Two Western marketers predict upland cotton prices will remain bullish in the short- and long-term.

“For the next three months or so, we’ll have a relatively tight trading range for the December 2011 contract in the $1.15 to 1.25 per pound range on the low side and $1.35 to $1.45 per pound on the upside,” predicts Calcot President Jarral Neeper.

Calcot is a cotton cooperative with members in California, Arizona, New Mexico, and West Texas. The company is based in Bakersfield, Calif.

For the 2011 crop year, Neeper predicts trading in the $1.00 to $1.70 per pound range; most likely $1.20 to $1.40 per pound.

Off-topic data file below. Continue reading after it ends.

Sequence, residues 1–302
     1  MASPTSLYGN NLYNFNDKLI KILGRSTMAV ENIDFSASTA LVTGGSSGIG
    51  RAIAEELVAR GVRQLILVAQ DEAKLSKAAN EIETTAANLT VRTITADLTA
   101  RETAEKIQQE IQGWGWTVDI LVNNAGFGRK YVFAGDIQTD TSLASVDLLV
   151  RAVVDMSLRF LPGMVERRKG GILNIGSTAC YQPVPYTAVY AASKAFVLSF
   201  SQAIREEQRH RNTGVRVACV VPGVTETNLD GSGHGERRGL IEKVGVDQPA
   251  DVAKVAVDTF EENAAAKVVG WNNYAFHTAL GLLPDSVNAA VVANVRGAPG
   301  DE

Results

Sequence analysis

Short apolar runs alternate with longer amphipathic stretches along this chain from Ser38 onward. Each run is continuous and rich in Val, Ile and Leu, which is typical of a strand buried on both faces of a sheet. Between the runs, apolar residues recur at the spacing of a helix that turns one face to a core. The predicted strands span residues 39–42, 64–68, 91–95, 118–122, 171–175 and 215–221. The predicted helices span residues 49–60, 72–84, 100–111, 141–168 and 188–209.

“That sounds pretty disappointing since we were just looking at $2 per pound,” Neeper explained. “Before we got to $2, $1.25 looked pretty good.”

Many growers thought 85 to 90 cents per pound looked great back in August and September. Growers who sold at those prices, Neeper says, are a key reason why prices soared later. Cotton prices cleared the $2 per pound record-price hurdle in February. Neeper says a repeat of $2 cotton is unlikely.

Painting a similar price outlook, cotton marketer John Chilton, president of Handwerker-Windburne, Inc., Peoria, Ariz., predicts the cotton market will remain strong.

“Will it stay $2 strong? I have a hard time believing that,” Chilton said. “I don’t believe the price will fall below a dollar anytime soon. Anywhere in this price range makes the cotton market profitable for growers.”